Last week, I noticed two teenagers loitering outside an IKEA in New Haven, Connecticut, smoking. The only difference between now and what I might have seen five years ago was that the cigarettes were electronic.
Seemingly overnight, smoking e-cigarettes has become popular. This growth has generated an active policy debate on regulation. Those who would like to ban e-cigarettes say that we don’t have enough information on their risks, and that the availability of this technology will compel more people to smoke, creating adverse public health effects. Those who champion e-cigarettes say that their risks are likely to be a lot smaller than the risks of traditional cigarettes; if this is true, then it may be good policy to accept some total increase in smoking in exchange for safer products.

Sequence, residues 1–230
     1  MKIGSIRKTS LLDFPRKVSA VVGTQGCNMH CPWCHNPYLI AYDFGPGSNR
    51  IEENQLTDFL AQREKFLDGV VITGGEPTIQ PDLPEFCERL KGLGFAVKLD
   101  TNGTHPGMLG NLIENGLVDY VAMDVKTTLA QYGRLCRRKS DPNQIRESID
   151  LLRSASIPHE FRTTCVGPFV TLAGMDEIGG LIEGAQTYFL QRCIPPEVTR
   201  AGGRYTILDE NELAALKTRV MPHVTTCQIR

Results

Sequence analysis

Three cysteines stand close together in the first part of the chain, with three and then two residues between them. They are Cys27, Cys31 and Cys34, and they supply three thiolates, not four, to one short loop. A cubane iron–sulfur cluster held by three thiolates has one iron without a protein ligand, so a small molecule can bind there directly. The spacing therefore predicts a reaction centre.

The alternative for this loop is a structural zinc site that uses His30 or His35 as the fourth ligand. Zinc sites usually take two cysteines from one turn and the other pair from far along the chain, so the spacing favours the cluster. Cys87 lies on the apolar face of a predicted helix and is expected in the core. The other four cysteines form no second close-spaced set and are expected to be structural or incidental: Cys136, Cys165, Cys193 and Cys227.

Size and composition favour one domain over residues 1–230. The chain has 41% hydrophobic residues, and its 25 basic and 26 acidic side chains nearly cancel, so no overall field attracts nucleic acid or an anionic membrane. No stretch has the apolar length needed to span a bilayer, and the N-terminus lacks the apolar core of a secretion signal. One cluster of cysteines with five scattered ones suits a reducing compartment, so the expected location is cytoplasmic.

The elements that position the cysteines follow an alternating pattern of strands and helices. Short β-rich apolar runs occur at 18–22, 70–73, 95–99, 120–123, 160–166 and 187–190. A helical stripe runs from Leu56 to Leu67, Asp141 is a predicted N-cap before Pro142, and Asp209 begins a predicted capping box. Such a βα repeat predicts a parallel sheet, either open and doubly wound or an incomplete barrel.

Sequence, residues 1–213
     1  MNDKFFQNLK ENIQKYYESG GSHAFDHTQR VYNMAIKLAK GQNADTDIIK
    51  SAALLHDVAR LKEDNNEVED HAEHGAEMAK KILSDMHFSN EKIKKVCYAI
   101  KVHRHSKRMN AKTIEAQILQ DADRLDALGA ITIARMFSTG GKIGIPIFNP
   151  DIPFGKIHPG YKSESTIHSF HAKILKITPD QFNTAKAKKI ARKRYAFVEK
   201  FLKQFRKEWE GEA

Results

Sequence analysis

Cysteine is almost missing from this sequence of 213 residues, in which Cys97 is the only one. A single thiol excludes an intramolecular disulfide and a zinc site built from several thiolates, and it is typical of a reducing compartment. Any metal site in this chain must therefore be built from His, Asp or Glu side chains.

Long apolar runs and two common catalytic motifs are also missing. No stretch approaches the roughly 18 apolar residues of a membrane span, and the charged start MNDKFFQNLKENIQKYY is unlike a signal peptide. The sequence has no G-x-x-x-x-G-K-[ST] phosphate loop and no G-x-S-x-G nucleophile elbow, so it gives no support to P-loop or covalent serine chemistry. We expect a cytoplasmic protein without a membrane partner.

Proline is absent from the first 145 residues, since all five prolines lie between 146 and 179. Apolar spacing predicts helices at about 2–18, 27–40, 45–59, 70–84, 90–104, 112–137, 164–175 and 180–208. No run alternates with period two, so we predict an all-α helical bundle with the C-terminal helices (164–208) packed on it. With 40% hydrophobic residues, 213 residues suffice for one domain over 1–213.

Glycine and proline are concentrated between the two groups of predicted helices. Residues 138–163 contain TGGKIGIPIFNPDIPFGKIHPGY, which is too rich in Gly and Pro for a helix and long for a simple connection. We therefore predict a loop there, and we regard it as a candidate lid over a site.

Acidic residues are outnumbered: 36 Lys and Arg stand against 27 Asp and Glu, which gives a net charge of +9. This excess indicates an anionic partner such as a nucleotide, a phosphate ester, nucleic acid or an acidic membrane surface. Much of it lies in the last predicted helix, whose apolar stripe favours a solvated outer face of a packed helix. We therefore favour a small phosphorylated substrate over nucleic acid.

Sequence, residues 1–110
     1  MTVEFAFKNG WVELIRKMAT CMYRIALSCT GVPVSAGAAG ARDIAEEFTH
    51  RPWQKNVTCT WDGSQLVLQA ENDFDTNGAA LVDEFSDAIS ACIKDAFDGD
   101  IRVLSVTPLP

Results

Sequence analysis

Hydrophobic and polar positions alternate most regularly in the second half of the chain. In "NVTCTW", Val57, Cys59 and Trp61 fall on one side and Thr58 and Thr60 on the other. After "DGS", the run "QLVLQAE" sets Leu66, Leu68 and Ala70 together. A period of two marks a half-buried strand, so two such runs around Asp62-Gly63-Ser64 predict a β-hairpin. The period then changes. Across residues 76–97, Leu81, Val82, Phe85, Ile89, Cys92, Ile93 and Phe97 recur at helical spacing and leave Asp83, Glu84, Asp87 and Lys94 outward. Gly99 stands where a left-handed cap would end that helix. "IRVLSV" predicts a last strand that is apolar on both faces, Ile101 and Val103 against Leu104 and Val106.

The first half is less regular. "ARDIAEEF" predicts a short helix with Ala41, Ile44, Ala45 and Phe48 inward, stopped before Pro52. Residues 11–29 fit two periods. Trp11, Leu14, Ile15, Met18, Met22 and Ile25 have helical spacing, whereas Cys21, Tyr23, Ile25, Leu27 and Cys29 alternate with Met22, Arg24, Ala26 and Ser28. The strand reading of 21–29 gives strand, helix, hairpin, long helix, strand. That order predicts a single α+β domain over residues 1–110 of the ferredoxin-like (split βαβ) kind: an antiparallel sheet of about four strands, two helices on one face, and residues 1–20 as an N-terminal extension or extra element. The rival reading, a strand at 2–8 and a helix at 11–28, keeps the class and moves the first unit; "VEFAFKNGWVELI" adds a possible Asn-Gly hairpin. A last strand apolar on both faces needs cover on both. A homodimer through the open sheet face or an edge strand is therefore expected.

Making policy here requires understanding more about everything having to do with e-cigarettes: the benefits, the health risks and the impact on smoking overall. The problem is that the research on e-cigarettes so far is mixed, and we may not know enough yet to make any policy decisions.
E-cigarettes, which are battery-operated devices, are loaded with a liquid cartridge containing a synthetic substance called propylene glycol, nicotine (usually) and flavorings (sometimes). The idea is to deliver nicotine in a way that approximates the experience of smoking (something a substitute like nicotine gum does not) but without the tar and many carcinogens found in traditional cigarettes.